Long before Washington’s big game hunting seasons begin each year, hunters of a different sort seek the same prized antlers.
Shed hunting, the search for the racks left each year by male deer and elk, continues to grow in popularity as a fun outdoor activity without the hassle and bureaucracy of traditional hunting. But its increasing prevalence brings potential problems for wildlife and more money into the equation, raising some ethical and legal questions.
Oak Creek Wildlife Area manager Greg Mackey said he’s seen a clear increase in shed hunting over the past few years. That led to the creation of a seasonal closure in the mid-1990s to protect weaker wintering elk, just as more of a market began appearing for antlers.
“It’s a commercial venture for them,” Mackey said. “Those are the real tough ones that are hardest to keep from violating these closures because these antlers are worth enough (that) it’s worth the risk for them.”
Enforcement captain Bob Weaver said markets can vary and he’s seen antlers priced anywhere from $10-$18 per pound, depending on the type and condition. Wildlife officers get frequent reports of — and sometimes catch — shed hunters in closed areas, where they face a minimum penalty of a $100 fine and potentially a revocation of their hunting licenses if the crime reaches the level of a gross misdemeanor for trespassing.
Violators are also a nuisance to longtime shed hunters such as Tim Campbell, who began seriously searching more than 30 years ago and said he’s collected around 2,100 racks. One of his biggest pet peeves is finding off-road vehicle tracks away from trails as he tries to find secluded areas for antlers of white-tailed deer starting in January, mule deer in March, and elk in April.
But the 59-year-old nurse supervisor at Virginia Mason Memorial hospital who lives in Electric City worries that might not be possible much longer. He sees more restrictive policies to protect wildlife in other states and suspects Washington could make a similar choice to shut down public lands early each year.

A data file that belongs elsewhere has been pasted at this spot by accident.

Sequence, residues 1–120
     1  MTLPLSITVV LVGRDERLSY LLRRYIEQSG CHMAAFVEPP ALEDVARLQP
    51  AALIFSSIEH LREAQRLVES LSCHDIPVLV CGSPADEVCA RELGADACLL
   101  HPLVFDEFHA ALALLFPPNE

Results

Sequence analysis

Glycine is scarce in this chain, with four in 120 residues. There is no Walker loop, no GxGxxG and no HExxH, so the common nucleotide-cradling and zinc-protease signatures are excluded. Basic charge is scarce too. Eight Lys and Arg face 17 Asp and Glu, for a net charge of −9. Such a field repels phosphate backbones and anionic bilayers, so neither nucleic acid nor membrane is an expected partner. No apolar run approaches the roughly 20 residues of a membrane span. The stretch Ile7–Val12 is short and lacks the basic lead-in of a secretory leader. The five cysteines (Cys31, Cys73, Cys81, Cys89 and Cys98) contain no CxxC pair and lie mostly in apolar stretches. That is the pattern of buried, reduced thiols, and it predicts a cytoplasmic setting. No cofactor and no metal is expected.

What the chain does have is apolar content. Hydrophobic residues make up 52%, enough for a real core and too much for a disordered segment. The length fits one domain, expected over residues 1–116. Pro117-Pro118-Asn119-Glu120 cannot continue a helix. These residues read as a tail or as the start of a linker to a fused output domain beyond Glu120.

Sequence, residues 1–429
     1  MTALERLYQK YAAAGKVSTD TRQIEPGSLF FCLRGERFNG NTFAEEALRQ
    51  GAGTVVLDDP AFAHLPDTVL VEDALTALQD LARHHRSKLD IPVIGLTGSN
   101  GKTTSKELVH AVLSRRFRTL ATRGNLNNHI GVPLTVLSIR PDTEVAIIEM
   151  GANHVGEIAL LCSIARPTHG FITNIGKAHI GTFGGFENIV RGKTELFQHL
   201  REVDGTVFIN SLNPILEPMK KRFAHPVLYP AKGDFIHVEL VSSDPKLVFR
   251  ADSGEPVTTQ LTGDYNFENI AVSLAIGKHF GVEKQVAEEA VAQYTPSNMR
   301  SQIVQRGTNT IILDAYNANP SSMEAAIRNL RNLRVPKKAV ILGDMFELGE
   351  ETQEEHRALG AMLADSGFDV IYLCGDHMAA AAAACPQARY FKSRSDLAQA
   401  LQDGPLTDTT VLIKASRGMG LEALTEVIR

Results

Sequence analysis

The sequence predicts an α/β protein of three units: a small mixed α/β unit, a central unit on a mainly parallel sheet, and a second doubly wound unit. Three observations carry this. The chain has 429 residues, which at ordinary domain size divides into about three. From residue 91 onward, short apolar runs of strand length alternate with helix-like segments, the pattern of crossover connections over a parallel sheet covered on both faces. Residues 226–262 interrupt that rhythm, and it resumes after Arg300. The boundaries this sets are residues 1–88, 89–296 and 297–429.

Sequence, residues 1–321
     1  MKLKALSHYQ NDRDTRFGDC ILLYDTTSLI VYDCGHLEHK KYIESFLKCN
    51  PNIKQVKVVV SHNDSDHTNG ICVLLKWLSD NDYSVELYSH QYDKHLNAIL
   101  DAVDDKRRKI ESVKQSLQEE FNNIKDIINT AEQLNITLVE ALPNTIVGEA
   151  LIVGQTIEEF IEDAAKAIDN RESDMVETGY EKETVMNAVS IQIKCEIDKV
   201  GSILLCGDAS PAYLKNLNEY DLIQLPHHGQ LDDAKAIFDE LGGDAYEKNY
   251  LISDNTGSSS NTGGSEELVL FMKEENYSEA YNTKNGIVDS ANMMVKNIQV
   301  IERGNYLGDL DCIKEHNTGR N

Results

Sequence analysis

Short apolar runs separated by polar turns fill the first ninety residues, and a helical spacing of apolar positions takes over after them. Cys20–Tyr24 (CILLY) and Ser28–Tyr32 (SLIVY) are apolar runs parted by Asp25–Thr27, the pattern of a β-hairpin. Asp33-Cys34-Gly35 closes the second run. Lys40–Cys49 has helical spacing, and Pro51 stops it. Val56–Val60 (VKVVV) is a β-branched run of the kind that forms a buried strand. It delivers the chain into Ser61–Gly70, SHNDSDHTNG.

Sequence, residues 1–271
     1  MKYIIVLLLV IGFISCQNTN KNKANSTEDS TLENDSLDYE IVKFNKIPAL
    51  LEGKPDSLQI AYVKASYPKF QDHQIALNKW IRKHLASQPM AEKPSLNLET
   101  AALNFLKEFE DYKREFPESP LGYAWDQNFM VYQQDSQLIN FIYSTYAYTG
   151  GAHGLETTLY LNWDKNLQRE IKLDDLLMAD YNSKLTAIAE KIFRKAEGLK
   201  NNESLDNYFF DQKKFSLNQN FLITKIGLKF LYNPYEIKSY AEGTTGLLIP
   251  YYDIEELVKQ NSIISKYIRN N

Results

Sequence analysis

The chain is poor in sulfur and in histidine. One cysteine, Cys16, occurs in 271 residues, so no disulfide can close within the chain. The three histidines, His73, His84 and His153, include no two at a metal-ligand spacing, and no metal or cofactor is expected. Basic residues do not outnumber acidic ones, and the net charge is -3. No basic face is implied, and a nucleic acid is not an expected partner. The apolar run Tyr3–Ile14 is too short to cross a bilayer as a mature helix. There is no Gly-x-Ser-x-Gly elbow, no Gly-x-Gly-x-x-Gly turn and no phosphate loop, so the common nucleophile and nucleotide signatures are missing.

“It’s like all things,” Campbell said. “More people are doing it and there’s always a few that ruin it for everybody, but I try not to get too hung up on it.”
Colorado recently banned shed hunting from Jan. 1 to April 30 on public lands west of Interstate 25, and Wyoming approved a restriction for the same time period for all land west of the Continental Divide, excluding the Great Divide Basin. Utah lifted its controversial seasonal statewide ban last fall to require shed hunters to take a free ethics course before going out to gather antlers, and West Virginia banned shed hunting entirely in 2002 with a law preventing people from keeping any part of an animal outside of hunting seasons.
Washington law allows anyone to pick up shed antlers at any time, so long as they’re not violating seasonal closures at Oak Creek Wildlife Area or elsewhere. The region’s operations manager, Ross Huffman, said he’s not aware of any serious discussions to make changes and noted they would need to come from the Legislature or the wildlife commission appointed by the governor.
Huffman understands shed hunting’s value as not only a reason for hunters such as Campbell to go outside and begin scouting, but also a way to encourage outdoor recreation. Campbell said it’s great exercise, since he hikes an estimated 10 miles on an average day.
“Get away from the roads,” said Campbell, who has come up empty often but also picked up 19 antlers on his best day. “Always go where the snow melts first and the grass always starts to grow first.”
Rachel Voss, the Washington state chair of the Mule Deer Foundation, said adding to a collection brings a certain satisfaction. It’s why so many people she knows turned shed hunting into a tradition on May 1, when Oak Creek’s winter closure finally ends.
A lack of snow at the lower elevations this past winter kept the elk from coming down to the feed site, meaning a much longer drive up the mountain to find antlers. But a smaller turnout of collectors earlier this month still featured 75 vehicles, 14 hikers and two horses at the main parking lot, plus another 27 vehicles at nearby locations.
In years when hundreds of elk come down to feed, Mackey and his staff often pick up antlers to eliminate the temptation for visitors to climb the fence and disturb the animals. Weaver said that doesn’t stop everyone, so he’ll even occasionally send in patrols despite the risk of potential harm to wildlife.
“That’s something we’re very aware of,” Weaver said. “Sometimes we have to go in there (on patrols). We try to be cognizant of elk herds and where they’re at.”
Camera surveillance and volunteer citizen groups such as Eyes in the Woods also exist in some areas to catch trespassers.